• Warren showed off his skills by making chicken and shrimp gumbo for everyone using only Malaysian ingredients. Luckily our hosts have Tabasco! It came out great and tasted like home! I would estimate that the ingredients put us back about 60myr ($14.40) and made about 10 large meals. 
 
Gumbo about halfway through
 
Everyone had seconds, and some had thirds! Success!


    • After this, Mcqueen (who owns the house) showed up with some Bookers bourbon and really peaty scotch... things got a bit messy.
 
Happy Warren
 
Mcqueen and Warren a couple of hours later... 

    • One night, a few of the local housemates grilled some chicken and lamb chops, and fried big pieces of tuna. YUM.
    • Another visiting guest is from Korea so she made a kimchi and pork stew which was amazing. Mcqueen also made a local soup, and steamed grouper, and let us try out a local dish of raw fish with bitter gourd. That last one left us a bit conflicted... bitter gourd is weird! Overall, it was super fun and really nice to try new things.
Steamed grouper, YUM
    • Finally, we went to the Sabah Food Festival which is happening until Sunday 12th so if you are in Kota Kinabalu, check it out! Lots of Borneo cuisine.
Standing in so many lines, with so many people
 
Long potato Step 1: squirt potato paste into a tray. Step two is to deep fry it.
 
Step 3: adding what we think was mustard, mayo, wasabi, and fish roe

Lovely finished product. This was probably too much for the two of us but we ate it all!

It's basically like a French fry, except instead of being fried out the outside only, this is fried the whole way through. Amazing.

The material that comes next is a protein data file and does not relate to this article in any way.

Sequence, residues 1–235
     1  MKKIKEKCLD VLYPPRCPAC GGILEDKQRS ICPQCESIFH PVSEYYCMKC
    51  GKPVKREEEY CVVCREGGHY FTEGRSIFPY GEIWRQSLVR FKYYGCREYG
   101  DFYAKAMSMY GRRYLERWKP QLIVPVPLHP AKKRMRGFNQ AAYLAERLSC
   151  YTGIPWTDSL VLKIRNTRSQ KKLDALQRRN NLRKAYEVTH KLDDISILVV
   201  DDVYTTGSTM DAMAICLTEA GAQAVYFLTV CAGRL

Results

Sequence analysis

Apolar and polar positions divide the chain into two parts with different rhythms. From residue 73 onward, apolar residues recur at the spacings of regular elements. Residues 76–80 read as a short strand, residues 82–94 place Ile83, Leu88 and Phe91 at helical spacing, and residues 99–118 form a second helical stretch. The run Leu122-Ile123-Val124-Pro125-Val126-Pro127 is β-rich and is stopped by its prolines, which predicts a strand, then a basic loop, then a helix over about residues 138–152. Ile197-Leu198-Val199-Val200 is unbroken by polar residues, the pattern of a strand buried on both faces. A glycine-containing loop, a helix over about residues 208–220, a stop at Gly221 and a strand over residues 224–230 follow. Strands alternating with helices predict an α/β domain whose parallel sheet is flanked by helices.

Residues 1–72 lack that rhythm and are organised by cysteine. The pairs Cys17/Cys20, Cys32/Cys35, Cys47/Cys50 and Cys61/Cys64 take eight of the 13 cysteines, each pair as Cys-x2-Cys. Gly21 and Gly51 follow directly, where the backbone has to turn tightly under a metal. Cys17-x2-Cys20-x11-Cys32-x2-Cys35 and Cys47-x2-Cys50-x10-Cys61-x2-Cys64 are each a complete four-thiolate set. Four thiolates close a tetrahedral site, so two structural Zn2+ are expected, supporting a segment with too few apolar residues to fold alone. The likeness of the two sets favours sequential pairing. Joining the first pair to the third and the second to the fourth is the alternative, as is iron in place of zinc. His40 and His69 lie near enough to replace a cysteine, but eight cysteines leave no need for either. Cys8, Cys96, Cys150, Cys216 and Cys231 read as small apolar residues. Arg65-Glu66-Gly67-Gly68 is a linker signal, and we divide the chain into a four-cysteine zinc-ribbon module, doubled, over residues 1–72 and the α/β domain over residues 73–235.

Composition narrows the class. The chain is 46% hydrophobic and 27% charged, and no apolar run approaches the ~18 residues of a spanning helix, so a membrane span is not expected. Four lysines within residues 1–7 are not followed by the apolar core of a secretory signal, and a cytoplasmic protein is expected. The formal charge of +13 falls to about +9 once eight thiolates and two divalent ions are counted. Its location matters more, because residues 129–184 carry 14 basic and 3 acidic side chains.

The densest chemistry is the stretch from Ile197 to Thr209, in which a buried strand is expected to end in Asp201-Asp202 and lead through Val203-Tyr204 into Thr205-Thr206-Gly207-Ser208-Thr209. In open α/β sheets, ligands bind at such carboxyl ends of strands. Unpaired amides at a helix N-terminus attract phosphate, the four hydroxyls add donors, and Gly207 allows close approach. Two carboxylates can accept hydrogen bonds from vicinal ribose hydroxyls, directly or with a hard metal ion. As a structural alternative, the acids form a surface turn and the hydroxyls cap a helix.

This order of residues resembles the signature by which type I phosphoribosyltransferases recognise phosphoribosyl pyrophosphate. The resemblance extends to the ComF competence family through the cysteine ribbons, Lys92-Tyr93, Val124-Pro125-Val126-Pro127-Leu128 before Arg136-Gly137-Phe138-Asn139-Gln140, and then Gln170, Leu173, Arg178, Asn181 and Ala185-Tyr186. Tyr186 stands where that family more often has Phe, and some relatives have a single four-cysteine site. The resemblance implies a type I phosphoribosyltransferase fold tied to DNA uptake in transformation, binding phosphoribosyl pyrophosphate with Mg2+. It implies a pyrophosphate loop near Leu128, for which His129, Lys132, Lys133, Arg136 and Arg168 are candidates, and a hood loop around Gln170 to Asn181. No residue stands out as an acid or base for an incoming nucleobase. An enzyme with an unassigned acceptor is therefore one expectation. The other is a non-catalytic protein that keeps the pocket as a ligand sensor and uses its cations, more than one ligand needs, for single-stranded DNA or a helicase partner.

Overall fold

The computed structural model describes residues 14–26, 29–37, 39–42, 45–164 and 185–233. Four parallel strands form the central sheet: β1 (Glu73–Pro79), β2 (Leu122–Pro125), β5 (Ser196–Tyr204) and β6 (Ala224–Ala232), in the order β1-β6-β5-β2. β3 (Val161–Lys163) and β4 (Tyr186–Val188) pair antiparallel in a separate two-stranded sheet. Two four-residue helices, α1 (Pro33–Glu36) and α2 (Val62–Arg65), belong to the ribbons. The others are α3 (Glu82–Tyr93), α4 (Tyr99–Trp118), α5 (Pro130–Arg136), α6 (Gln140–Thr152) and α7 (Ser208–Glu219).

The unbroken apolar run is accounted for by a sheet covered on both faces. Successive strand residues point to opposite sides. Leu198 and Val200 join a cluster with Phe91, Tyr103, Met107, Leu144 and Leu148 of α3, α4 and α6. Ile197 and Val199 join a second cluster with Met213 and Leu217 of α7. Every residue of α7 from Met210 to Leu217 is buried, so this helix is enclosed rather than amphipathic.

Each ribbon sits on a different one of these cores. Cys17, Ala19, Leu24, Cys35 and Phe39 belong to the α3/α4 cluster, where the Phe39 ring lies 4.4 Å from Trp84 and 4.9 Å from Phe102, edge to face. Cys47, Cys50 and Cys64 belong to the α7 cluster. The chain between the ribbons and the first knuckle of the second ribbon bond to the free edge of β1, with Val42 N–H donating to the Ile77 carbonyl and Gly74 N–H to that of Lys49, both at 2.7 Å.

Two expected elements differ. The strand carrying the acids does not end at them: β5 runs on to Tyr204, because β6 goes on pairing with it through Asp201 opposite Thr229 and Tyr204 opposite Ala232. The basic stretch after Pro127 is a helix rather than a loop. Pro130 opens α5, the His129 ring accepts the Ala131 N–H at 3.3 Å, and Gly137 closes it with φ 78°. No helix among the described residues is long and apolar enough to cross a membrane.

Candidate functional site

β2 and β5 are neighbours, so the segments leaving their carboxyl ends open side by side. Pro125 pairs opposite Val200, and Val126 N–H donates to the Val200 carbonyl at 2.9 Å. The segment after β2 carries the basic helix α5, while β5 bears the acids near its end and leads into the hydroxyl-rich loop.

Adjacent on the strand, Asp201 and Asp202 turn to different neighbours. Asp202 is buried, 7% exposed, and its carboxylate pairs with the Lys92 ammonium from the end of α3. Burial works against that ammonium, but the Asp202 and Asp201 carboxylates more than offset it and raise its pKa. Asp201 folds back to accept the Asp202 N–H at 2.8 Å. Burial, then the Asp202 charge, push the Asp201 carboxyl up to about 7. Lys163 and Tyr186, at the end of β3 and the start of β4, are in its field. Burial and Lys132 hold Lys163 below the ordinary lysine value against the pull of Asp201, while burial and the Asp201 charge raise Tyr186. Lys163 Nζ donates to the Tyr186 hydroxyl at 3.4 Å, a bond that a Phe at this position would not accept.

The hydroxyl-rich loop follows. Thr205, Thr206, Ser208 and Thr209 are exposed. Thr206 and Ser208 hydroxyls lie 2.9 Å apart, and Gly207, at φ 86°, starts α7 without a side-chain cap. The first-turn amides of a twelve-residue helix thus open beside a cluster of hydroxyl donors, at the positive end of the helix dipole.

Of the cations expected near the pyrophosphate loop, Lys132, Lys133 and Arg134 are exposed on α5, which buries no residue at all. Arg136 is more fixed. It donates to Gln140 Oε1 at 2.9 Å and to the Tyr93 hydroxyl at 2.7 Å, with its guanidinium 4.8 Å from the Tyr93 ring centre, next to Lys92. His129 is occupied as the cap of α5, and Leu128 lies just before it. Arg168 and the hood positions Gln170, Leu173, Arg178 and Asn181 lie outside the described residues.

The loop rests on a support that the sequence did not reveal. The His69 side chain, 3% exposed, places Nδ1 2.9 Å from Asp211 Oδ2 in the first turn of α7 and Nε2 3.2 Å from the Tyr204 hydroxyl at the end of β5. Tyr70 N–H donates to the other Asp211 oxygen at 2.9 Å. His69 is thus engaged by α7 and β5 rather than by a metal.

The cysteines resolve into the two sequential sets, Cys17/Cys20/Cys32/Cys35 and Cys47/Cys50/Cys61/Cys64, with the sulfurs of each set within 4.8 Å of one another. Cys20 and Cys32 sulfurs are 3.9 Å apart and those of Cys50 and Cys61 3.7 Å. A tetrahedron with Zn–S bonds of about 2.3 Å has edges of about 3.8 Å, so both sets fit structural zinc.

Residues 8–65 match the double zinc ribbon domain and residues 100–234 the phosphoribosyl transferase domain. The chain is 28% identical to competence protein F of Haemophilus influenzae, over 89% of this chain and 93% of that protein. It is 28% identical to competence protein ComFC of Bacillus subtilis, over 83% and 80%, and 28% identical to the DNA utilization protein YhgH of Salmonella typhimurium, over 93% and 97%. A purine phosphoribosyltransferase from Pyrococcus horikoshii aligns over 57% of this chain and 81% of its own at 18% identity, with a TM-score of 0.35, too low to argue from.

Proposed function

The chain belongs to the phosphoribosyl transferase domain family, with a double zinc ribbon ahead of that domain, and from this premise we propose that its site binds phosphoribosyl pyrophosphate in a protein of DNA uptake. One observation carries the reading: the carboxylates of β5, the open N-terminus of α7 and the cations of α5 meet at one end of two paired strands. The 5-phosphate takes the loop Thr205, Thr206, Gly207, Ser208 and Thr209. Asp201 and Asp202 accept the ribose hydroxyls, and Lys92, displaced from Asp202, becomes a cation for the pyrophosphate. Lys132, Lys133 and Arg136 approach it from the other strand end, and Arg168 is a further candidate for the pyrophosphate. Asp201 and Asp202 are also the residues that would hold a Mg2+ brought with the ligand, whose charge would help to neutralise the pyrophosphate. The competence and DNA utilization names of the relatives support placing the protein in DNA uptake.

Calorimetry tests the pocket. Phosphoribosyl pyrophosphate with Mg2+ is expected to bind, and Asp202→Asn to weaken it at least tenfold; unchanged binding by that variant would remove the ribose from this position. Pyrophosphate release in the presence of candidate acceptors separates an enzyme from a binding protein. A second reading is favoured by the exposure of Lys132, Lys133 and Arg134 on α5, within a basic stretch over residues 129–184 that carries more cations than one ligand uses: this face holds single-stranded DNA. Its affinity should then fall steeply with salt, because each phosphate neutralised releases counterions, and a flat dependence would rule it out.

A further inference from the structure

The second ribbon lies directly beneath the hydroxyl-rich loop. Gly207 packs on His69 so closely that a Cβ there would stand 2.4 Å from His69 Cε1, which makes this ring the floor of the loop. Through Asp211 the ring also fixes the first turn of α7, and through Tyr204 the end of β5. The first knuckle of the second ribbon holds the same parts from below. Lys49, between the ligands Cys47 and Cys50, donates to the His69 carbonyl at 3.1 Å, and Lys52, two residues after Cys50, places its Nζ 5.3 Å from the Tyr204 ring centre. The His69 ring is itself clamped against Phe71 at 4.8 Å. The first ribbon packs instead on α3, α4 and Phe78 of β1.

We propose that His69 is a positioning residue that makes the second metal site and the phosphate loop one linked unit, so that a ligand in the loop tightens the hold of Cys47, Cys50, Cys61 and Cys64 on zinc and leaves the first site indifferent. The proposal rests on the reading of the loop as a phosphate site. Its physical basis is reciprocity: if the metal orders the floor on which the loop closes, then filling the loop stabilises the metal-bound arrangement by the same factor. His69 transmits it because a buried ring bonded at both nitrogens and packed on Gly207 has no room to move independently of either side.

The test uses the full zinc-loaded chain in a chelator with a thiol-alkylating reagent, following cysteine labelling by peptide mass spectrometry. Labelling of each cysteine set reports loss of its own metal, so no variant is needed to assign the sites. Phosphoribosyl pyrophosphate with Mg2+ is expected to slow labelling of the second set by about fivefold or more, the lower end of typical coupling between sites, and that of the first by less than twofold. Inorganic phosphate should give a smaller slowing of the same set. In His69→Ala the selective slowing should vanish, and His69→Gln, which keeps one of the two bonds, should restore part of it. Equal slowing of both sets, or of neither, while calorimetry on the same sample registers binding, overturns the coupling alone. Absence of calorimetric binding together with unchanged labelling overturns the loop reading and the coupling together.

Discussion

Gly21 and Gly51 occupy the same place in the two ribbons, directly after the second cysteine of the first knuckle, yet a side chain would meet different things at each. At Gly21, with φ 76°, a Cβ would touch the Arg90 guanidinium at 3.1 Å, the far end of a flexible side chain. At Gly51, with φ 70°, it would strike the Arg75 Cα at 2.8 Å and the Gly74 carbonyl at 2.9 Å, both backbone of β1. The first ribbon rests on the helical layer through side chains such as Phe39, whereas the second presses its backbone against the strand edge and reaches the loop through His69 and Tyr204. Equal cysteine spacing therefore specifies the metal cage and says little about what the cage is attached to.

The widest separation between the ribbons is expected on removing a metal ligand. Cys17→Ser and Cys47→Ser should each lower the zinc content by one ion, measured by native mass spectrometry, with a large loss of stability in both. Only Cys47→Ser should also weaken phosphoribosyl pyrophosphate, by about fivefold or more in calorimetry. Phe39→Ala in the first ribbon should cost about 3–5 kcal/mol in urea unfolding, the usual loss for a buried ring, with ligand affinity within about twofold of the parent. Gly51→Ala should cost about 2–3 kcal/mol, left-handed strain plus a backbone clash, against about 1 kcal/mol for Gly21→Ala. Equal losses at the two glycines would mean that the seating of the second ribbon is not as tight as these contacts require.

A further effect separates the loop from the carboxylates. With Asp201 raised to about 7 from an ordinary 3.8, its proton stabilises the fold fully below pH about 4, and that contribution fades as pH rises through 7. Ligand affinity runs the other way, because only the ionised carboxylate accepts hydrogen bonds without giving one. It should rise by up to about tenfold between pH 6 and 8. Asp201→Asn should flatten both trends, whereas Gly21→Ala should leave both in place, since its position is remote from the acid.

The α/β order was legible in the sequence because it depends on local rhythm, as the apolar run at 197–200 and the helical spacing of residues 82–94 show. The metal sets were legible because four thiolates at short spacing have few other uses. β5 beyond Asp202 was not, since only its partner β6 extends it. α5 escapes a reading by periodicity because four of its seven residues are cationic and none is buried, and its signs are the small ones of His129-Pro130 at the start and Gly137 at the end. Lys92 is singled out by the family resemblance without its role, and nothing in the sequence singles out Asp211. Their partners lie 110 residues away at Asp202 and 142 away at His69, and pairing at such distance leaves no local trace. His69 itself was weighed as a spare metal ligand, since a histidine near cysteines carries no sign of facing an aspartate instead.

• Entertainment: $3.60
    • FREE: I have gotten a lot better at the climbing wall at our AirBnB- as in I've gotten 2/3 of the way up. Warren, on the other hand, with his stupid go-go-Gadget arms can just throw himself up that thing... I'M NOT BITTER YOU'RE BITTER.
Intimidating

    • I went to the Sabah Museum and really enjoyed it. If you're Malaysian it's either cheap or free, but if you're a foreigner it's 15myr (about $3.60). I was there for about two hours; check out my spotlight on the museum for my highlights.

    • The only downside to the museum was when I was strolling through the cultural village and got epically pooped on by what I think was a giant lizard. Hair, shoulder, and ground. I think it was a huge monitor lizard based on its consistency and color and epic size.
 
LOOK AT MY HAIR :'(
 
I saw this little guy and about 30 seconds later I got pooped on. Could have been one of his full-grown friends, or...
 
I think it was one of these local monitor lizards. This one lives on our block and was just crossing the road, bothering no one, probably pooping on the ground like he should. That doesn't mean his friends don't climb trees and seek out the clean hair of unsuspecting tourists.
 

Travel budget saving tips:

  • Just like in Bali, sometimes it's good to spend a bit more on the right accommodation if it will keep you entertained. Being bored means you'll go out a lot more and end up spending that money anyway!
  • Try out the local knock-offs. In Malaysia for example, they have fake Red Bull, fake Tim-Tams, etc. Sometimes it's awesome and sometimes it's horrifying but you never know until you try.
Do you want real Red Bull, or do you want to fulfill your dreams?

  • Check out a local couchsurfing.com or meetup.com gathering. It's a fun way to meet local people and other budget travelers which means you can split travel costs or find out about about local hidden gems. Plus, you're traveling for experiences right? Go make some friends!

Curious about Malaysia? Find out more below:



Malaysia may be pricey for Southeast Asia, but visiting Borneo is certainly on a lot of bucket lists! Sabah state is a great place to visit because there is less deforestation than Sarawak, more development than Indonesian Borneo, and less Shariah law than Brunei. Kota Kinabalu is friendly, fun, has a great couchsurfing culture, and offers amazing diving, snorkeling, and trekking.